8: per cent of Iraqi children suffering acute malnutrition

53,470: Iraqi insurgents killed

67: per cent Iraqis who feel less secure because of occupation

$343: Average monthly salary for an Iraqi soldier. Average monthly salary for an American soldier in Iraq: $4,160.75

5: foreign civilians kidnapped per month

47: per cent Iraqis who never have enough electricity

20: casualties per month from unexploded mines

25-40: per cent Estimated unemployment rate, Nov 2005

251: Foreigners kidnapped

70: per cent of Iraqi's whose sewage system rarely works

183,000: British and American troops are still in action in Iraq.

13,000: from other nations

90: Daily attacks by insurgents in Nov '05. In Jun '03: 8

60-80: per cent Iraqis who are "strongly opposed" to presence of coalition troops

I wouldn't say Iraq was the only reason I started blogging; certainly the 2004 election was a factor, and the freedom of expression available online. But I've probably spilled more ink (metaphorically speaking, of course; no ink was spilled in the production of this blog) on Iraq than any other topic, because I consider it a great catastrophe that has set back America in so many ways. The fact that homeless Americans in New Orleans have to take out a full-page ad just to get Congress' attention while we squander lives and money 10,000 miles from our shores is just one testament to that.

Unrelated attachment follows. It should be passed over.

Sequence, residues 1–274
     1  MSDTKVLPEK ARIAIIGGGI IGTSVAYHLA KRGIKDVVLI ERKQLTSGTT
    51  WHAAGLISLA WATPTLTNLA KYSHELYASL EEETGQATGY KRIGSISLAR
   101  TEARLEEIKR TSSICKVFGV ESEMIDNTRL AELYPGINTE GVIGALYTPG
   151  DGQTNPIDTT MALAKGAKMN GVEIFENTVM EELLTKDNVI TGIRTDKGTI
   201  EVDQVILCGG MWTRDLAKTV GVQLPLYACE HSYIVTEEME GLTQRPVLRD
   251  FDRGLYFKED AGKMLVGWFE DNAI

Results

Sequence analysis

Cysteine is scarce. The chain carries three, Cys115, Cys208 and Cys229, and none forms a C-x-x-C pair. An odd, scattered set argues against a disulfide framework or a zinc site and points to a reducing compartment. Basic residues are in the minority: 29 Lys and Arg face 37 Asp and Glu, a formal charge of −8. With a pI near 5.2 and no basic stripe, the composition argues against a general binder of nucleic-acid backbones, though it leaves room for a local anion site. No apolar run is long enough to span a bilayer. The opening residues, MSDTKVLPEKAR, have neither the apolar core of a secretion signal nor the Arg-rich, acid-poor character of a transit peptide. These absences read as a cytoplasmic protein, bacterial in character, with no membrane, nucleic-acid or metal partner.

I could talk about all of the various reasons why this war was wrong-headed, incompetently planned, and deeply flawed to this day, but one story I read recently sums it all up, albeit tangentially.

We're sending dead soldiers, war heroes, home as freight in the baggage compartment of commercial airliners.

That's so emblematic, in my view. Incompetence, thoughtlessness, indifference to history and tradition, how this government truly values the troops that do the fighting, using the military as political props only when expedient, hiding the evidence (literally, in the cargo hold) of the true cost of war. Everything, encapsulated in this craven act.

By the way, not for nothing, but it took a Democrat to rectify this situation:

John and Stacey Holley, who were both in the Army, made some calls, and with the help of U.S. Sen. Barbara Boxer, Matthew was greeted with honor and respect.

"Our familiarity with military protocol and things of that sort allowed us to kind of put our foot down -- we're not sure other parents have that same knowledge," said Stacey Holley.

Meanwhile, the State Department spokesman "did not know why this is happening." Like everything else this Administration does. It's the "we don't know why" Administration.